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How does heterogeneity shape the socioeconomic gradient in health satisfaction?

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  • Andrew M. Jones
  • Stefanie Schurer

Abstract

Individual heterogeneity plays a key role in explaining variation in self-reported well-being and, in particular, health satisfaction. It is hypothesised that the influence of this heterogeneity varies over levels of health and increases over the life-cycle. These hypotheses are tested with data on health satisfaction from 22 waves of the German Socioeconomic Panel (GSOEP).Nonlinear fixed effects methods that allow for unobserved heterogeneity are not readily available for categorical measures of well-being. One common solution is to revert to conditional fixed effects methods, at the price of a high degree of information loss. Another common solution is to ignore the association between unobserved heterogeneity and socio-economic status by using pooled or random effects models, at the price of potential bias.We use a generalization of the conditional fixed effects logit, that allows for individual-specific reporting bias, heterogeneity in health endowments, and heterogeneity in the impact of income on health satisfaction. Adjusting for unobserved heterogeneity accounts for the relationship between income and very good health, but not between income and poorer health states. The income gradient for older age-groups is more strongly affected by controlling for unobserved heterogeneity: revealing an increasing influence of heterogeneity on health satisfaction over the life-span.

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Bibliographic Info

Article provided by John Wiley & Sons, Ltd. in its journal Journal of Applied Econometrics.

Volume (Year): 26 (2011)
Issue (Month): 4 (06)
Pages: 549-579

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Handle: RePEc:wly:japmet:v:26:y:2011:i:4:p:549-579

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Citations

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Cited by:
  1. Deborah Cobb-Clark & Stefanie Schurer, 2011. "Two Economists' Musings on the Stability of Locus of Control," Melbourne Institute Working Paper Series wp2011n09, Melbourne Institute of Applied Economic and Social Research, The University of Melbourne.
  2. Benjamin Artz, 2010. "Fringe benefits and job satisfaction," International Journal of Manpower, Emerald Group Publishing, vol. 31(6), pages 626-644, September.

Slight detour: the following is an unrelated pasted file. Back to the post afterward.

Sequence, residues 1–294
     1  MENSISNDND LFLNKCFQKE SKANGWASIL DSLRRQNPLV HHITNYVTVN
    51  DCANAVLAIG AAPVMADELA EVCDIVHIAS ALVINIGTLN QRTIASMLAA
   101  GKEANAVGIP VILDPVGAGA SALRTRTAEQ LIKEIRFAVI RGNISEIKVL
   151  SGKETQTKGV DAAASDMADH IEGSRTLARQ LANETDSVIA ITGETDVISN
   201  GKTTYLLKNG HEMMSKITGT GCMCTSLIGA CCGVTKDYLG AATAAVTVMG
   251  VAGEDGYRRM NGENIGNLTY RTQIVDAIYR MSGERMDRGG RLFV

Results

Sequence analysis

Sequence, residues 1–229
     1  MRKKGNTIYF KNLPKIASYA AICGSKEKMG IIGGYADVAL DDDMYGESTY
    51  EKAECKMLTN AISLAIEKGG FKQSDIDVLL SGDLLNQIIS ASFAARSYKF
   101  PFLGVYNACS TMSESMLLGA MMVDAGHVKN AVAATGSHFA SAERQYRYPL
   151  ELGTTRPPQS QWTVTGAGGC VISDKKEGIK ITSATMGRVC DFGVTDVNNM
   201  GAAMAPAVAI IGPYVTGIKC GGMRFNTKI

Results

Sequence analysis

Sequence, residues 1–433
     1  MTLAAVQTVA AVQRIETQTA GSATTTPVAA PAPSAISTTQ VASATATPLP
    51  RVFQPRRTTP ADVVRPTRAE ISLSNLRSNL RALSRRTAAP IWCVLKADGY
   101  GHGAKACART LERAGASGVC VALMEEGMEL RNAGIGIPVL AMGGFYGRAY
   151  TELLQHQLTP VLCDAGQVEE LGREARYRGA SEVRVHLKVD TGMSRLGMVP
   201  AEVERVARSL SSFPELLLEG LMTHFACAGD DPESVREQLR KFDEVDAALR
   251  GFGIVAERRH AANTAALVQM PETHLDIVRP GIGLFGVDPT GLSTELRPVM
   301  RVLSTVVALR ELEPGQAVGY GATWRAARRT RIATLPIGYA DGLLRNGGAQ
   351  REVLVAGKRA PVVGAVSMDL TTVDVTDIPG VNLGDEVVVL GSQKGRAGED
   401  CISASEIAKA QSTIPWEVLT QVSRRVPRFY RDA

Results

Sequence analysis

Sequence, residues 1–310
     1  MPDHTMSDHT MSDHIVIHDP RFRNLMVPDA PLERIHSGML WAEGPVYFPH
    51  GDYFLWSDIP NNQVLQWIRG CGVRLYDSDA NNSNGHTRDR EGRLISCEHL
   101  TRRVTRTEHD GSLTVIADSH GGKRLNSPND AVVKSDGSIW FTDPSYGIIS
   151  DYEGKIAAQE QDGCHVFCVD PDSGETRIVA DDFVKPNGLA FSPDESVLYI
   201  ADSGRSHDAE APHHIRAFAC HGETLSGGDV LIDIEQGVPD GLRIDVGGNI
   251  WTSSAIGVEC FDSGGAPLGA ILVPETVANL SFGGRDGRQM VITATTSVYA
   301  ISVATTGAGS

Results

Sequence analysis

3. Jan Brenner, 2007. "Parental Impact on Attitude Formation - A Siblings Study on Worries about Immigration," Ruhr Economic Papers 0022, Rheinisch-Westfälisches Institut für Wirtschaftsforschung, Ruhr-Universität Bochum, Universität Dortmund, Universität Duisburg-Essen.
  4. Michael Fertig & Stefanie Schurer, 2007. "Labour Market Outcomes of Immigrants in Germany – The Importance of Heterogeneity and Attrition Bias," Ruhr Economic Papers 0020, Rheinisch-Westfälisches Institut für Wirtschaftsforschung, Ruhr-Universität Bochum, Universität Dortmund, Universität Duisburg-Essen.
  5. Stefanie Schurer & Jongsay Yong, 2010. "Personality, Well-being and Heterogeneous Valuations of Income and Work," Melbourne Institute Working Paper Series wp2010n14, Melbourne Institute of Applied Economic and Social Research, The University of Melbourne.
  6. Cubi-Molla, P. & Jofre-Bonet, M. & Serra-Sastre, V., 2013. "Adaptation to Health States: A Micro-Econometric Approach," Working Papers 13/02, Department of Economics, City University London.
  7. Stefanie Schurer, 2008. "Discrete Heterogeneity in the Impact of Health Shocks on Labour Market Outcomes," Melbourne Institute Working Paper Series wp2008n19, Melbourne Institute of Applied Economic and Social Research, The University of Melbourne.
  8. Wooldridge, Jeffrey M., 2011. "A simple method for estimating unconditional heterogeneity distributions in correlated random effects models," Economics Letters, Elsevier, vol. 113(1), pages 12-15, October.
  9. Fernández-Val, Iván & Savchenko, Yevgeniya & Vella, Francis, 2013. "Evaluating the Role of Individual Specific Heterogeneity in the Relationship Between Subjective Health Assessments and Income," IZA Discussion Papers 7651, Institute for the Study of Labor (IZA).
  10. Jesus M. Carro & Alejandra Traferri, 2011. "State Dependence and Heterogeneity in Health Using a Bias Corrected Fixed Effects Estimator," Documentos de Trabajo 402, Instituto de Economia. Pontificia Universidad Católica de Chile..
  11. Schurer, S.; & Yong, J.;, 2012. "Personality, well-being and the marginal utility of income: What can we learn from random coefficient models?," Health, Econometrics and Data Group (HEDG) Working Papers 12/01, HEDG, c/o Department of Economics, University of York.

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